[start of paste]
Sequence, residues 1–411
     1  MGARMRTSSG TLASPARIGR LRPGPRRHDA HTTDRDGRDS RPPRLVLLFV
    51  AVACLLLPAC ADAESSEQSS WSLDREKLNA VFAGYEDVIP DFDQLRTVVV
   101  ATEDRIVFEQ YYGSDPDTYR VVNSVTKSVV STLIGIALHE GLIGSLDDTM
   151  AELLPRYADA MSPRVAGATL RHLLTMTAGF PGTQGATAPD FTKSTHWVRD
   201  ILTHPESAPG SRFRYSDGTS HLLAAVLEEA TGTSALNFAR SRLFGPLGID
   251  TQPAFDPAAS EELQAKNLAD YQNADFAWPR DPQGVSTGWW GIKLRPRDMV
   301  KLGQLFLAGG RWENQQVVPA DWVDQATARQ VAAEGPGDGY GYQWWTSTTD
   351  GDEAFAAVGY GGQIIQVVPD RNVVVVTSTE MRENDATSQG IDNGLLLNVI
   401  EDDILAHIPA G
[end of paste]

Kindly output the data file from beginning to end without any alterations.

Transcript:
Sequence, residues 1–411
     1  MGARMRTSSG TLASPARIGR LRPGPRRHDA HTTDRDGRDS RPPRLVLLFV
    51  AVACLLLPAC ADAESSEQSS WSLDREKLNA VFAGYEDVIP DFDQLRTVVV
   101  ATEDRIVFEQ YYGSDPDTYR VVNSVTKSVV STLIGIALHE GLIGSLDDTM
   151  AELLPRYADA MSPRVAGATL RHLLTMTAGF PGTQGATAPD FTKSTHWVRD
   201  ILTHPESAPG SRFRYSDGTS HLLAAVLEEA TGTSALNFAR SRLFGPLGID
   251  TQPAFDPAAS EELQAKNLAD YQNADFAWPR DPQGVSTGWW GIKLRPRDMV
   301  KLGQLFLAGG RWENQQVVPA DWVDQATARQ VAAEGPGDGY GYQWWTSTTD
   351  GDEAFAAVGY GGQIIQVVPD RNVVVVTSTE MRENDATSQG IDNGLLLNVI
   401  EDDILAHIPA G